Understanding Seismic Anisotropy in Exploration and Exploitation: Hands On 

 Dr Leon Thomsen (Houston, TX, United States) 

 Course description

 This course covers all areas of applied seismic anisotropy, with class exercises and ample time for full discussion. Because anisotropy is such a        undamental concept, it covers topics in seismic acquisition, processing, imaging and interpretation, all based on seismic rock physics. 


Participants' profile

 Geophysicists should attend who have a working knowledge of conventional exploration geophysics and wonder how it can be that we use isotropic concepts to acquire and analyze data that come from rocks that, after only brief thoughtful consideration, must clearly be anisotropic. 

Course objectives 

This is not a “methods course” but rather a “concept course”, familiarizing the students with essential concepts, enabling them to ask the right questions in future conversations, rather than to operate particular software packages. 

About the instructor

Leon Thomsen holds titles of Chief Scientist at Delta Geophysics, Research Professor at the University of Houston, and Visiting Scientist at Lawrence Berkeley National Laboratory. He holds a B.S. in geophysics from California Institute of Technology (Pasadena), and a Ph.D. in geophysics from Columbia University (New York). He held postdoctoral positions at Centre Nationale de la Recherche Scientifique (Paris), International Business Machines (Palo Alto), and Caltech. He was Assistant, then Associate Professor at the State University of New York (Binghamton), with sabbatical positions at Goddard Institute for Space Studies (New York) and the Australian National University (Canberra).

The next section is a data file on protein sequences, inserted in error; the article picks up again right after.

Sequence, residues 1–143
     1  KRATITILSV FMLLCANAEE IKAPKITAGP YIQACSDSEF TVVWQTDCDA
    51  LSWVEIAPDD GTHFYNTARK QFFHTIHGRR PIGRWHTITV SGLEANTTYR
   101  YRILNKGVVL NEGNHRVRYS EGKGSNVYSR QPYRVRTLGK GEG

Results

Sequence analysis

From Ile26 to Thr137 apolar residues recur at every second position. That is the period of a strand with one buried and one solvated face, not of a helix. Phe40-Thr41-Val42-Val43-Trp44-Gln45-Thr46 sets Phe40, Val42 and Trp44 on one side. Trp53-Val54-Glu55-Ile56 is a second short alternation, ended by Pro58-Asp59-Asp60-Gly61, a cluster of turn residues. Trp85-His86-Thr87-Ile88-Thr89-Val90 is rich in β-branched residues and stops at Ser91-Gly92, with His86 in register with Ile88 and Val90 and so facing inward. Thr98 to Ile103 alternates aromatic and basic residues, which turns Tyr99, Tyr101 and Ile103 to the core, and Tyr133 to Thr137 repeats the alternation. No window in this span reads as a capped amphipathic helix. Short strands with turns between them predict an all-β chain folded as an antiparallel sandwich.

Leon"s industrial career began in 1980, at Amoco"s famous research center in Tulsa, where he was the Amoco inventor of what we now call seismic AVO. He led significant revisions to the exploration seismic paradigm, helping to establish the basic ideas of polar anisotropy and azimuthal anisotropy. His 1986 paper, establishing the modern field of seismic anisotropy, is the single-most-cited paper in the history of Geophysics; a Google search of the term ˆThomsen parameter" returns over 300,000 hits. In 1995, he moved to Amoco"s Worldwide Exploration Group in Houston, where his 1997 paper established the modern field of converted-wave exploration, defining such concepts as fC-wavesf, fregistrationf, fgamma effectivef, fdiodic velocityf, etc. In 2008, Leon retired from BP, and established the consultancy Delta Geophysics (
Leon has served the Society of Exploration Geophysics as Distinguished Lecturer, Vice-President, President (2006-07), and Chairman of the Board of SEAM. He served as SEG/EAGE DISC Instructor in 2002. He holds the SEG"s Fessenden Award, and the Russian Academy of Natural Sciences" Kapitsa Medal. He is an Honorary Member of the Geophysical Society of Houston, and of the EAGE, and is a Foreign Member of the Russian Academy of Natural Sciences.